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It’s not over yet, leaded fuel is here to stay

Beyond the locked gate of the airport, the plane waits patiently out on the tarmac. It’s thirsty for fuel. I punch in the code and push open the chain-link door as it squeals on its tired hinges.

Filling up fuel in your car is typically not a fun activity. But, somehow, it’s different with a plane. Perhaps it’s the fact that the tank is just the inside of the wing — you can see (and hear) quite clearly as the fuel laps up against the edges. I watch the blue tinged fuel slowly creep its way up to the top. As it nears, I slowly let up on the pressure of the filler handle and let the fuel slow to trickle. As the vapors vent, I smell the distinct odor of AvGas.

N8831N at Mansfield Municipal Airport, 1B9 in December 2020

Climbing under the wing and bracing myself against the wheel, I drain the fuel sump to check for contaminants. I lift up the fuel inspector to the sunlight to check for the characteristic blue tint of the fuel. In the old days, some would simply dump the 50-odd mL of fuel on the ground, but today, conscious of the environment and the rising cost of fuel, most pour it back into their tank, including myself.

During this whole process, a few might even don protective rubber gloves as to avoid touching the fuel. After all, unlike automative gasoline, AvGas — or more appropriately 100 Low Lead (100LL) — is still contains trace amounts of tetraethyl-lead. The additive serves several purposes, including preventing engine knock and detonation as well as for lubrication of valves.

This situation plays out every day at nearly all airports in the United States and the rest of the world. Yet, according to the United Nations Environment Programme in their August 30 press release, “the era of leaded petrol is over.”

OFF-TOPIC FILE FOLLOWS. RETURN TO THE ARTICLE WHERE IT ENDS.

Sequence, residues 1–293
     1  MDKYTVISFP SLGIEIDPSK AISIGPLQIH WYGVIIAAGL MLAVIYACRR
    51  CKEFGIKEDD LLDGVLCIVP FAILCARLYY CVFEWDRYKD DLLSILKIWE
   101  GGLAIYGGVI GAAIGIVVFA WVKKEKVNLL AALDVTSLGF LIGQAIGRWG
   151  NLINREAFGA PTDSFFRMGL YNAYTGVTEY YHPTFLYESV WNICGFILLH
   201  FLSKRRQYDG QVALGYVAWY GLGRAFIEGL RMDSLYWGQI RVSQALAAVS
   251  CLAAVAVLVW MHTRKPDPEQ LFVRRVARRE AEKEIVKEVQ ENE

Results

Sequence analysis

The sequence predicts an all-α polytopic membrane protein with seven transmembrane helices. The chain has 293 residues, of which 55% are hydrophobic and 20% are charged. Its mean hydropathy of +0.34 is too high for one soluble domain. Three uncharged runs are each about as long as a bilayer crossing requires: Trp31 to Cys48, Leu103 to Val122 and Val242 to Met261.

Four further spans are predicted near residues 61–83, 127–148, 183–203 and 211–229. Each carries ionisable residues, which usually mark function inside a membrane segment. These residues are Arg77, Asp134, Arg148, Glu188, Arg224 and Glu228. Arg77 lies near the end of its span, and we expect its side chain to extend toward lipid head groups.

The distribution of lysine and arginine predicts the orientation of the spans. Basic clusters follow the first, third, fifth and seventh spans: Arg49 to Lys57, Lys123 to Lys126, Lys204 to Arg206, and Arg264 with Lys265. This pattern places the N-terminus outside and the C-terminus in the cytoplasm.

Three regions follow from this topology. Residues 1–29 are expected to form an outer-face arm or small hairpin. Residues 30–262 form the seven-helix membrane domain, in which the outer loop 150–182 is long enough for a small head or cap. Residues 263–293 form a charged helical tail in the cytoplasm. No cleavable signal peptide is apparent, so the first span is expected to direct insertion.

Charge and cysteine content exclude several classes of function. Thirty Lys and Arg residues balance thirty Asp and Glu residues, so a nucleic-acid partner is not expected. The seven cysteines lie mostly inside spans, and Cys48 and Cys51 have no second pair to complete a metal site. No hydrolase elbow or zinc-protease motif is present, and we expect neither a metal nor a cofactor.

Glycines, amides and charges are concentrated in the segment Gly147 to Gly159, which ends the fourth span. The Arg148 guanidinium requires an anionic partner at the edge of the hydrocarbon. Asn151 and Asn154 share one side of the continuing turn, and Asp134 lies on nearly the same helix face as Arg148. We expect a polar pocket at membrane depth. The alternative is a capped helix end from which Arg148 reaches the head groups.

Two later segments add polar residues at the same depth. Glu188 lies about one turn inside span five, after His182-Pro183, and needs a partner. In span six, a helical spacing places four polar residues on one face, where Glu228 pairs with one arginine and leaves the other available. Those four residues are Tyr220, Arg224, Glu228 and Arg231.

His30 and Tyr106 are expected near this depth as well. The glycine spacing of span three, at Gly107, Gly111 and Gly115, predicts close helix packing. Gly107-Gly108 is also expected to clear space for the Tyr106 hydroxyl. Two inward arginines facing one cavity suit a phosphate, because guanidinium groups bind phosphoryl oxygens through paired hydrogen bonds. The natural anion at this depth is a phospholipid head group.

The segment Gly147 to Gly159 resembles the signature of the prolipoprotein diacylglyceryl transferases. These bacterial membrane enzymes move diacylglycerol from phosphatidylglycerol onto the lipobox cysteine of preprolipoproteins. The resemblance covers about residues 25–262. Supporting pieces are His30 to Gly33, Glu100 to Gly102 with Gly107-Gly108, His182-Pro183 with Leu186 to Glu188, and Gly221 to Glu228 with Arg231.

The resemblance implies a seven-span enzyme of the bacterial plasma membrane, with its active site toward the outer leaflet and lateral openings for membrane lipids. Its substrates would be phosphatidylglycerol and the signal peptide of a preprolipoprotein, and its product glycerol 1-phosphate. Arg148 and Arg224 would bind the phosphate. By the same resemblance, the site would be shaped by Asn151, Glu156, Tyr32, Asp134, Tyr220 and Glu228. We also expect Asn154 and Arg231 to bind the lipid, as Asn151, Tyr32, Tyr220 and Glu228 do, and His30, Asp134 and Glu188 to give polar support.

As others have pointed out, that’s not exactly the case. The UN EP announced that leaded fuel was finally phased out in Algeria, one of the last holdouts for automotive gasoline. However, leaded fuel in the form of 100LL AvGas is ever-present, exhausted by the light planes flying in the skies directly overhead.

Unfortunately, there currently exist no viable alternatives to leaded AvGas, which has a higher octane rating of 100 compared with the 87 of regular automative gasoline or 93 of premium automative gasoline. Consider also that most planes were designed in the 1950s and remain essentially unchanged in their powerplant designs since then, and the market is ripe for disruption. I think this highlights the need for significant research into developing alternatives that could be a drop-in replacement for traditional 100LL.


“Scrap the proposed $1,000 landing fee. Keep general aviation alive.” by Sahil Nawab, June 6, 2021.

“Here’s Why Planes Still Fly With Leaded Fuel,” by Mercedes Streeter, September 6, 2021.

“Era of leaded petrol over, eliminating a major threat to human and planetary health,” August 30, 2021.


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  1. Zainab

    Nice read!

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